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Trevor Bauer apologizes for ‘wrongly accusing’ ESPN of airing joke tweet

Cleveland Indians pitcher Trevor Bauer has issued an apology over “wrongly accusing” ESPN of broadcasting a tweet that featured bogus information about him that was made in jest by a sportswriter.

BALTIMORE, MD – MAY 22: A Cleveland Indians cap and glove are shown on the field before a baseball game against the Baltimore Orioles on May 22, 2014 at Oriole Park at Camden Yards in Baltimore, Maryland. (Photo by Mitchell Layton/Getty Images)

The tweet in question, from The Ringer’s Michael Baumann, jokingly details a ludicrous course of treatment for Bauer, currently on the mend from a broken right fibula, including plans to “rid his body of CIA nanites.”

On Saturday, Bauer, under the belief that both MLB Network and ESPN highlighted the tweet as real news, called out the networks and demanded a retraction.

Documentation has since surfaced showing MLB Network did in fact highlight the tweet in some capacity during a broadcast.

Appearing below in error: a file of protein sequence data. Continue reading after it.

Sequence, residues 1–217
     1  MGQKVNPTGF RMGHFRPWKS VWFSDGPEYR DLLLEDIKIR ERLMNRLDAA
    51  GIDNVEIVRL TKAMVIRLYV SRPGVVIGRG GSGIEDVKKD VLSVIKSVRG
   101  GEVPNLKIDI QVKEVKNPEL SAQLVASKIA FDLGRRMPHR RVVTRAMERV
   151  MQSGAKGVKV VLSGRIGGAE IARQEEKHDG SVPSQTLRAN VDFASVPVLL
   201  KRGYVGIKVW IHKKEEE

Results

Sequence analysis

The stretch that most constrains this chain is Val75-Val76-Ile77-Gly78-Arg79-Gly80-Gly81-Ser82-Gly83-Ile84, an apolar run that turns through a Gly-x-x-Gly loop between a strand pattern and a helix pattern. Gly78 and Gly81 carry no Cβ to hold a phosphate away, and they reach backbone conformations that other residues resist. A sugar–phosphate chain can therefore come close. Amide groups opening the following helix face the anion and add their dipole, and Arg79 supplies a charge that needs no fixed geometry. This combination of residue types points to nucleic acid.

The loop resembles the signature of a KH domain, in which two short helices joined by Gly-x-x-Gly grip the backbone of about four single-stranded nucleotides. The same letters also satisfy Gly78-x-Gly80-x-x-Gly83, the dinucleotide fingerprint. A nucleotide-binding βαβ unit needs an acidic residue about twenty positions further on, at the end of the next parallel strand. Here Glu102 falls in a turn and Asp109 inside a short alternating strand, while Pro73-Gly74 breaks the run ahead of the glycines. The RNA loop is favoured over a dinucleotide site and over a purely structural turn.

However, ESPN has since denied ever broadcasting Baumann’s tweet after a review of all its platforms.

“Erroneously, some people believed it was on ESPN,” said David Scott of ESPN’s public relations department, via “We have no evidence of that.”

Baumann issued an apology for erroneously accusing ESPN of covering the tweet.

“It appears the information I was given, and believed to have seen, was wrong, and ESPN never aired the fake tweet,” Bauer said in a video posted to Twitter on Monday. “Spreading misinformation is wrong, and is what I was originally angry about. I wanted to set the record straight and apologize to ESPN for wrongly accusing them of broadcasting this misinformation.”

As noted by Big League Stew, Bauer at times has navigated an adversarial relationship with the media. Bauer also boasts something of an eccentric personality, which in part inspired Baumann’s original tweet. It’s hardly surprising, then, that Bauer lashed out at ESPN and MLB Network amid the situation.

That said, Bauer did apologize to ESPN upon learning his suspicions were proved to be unfounded.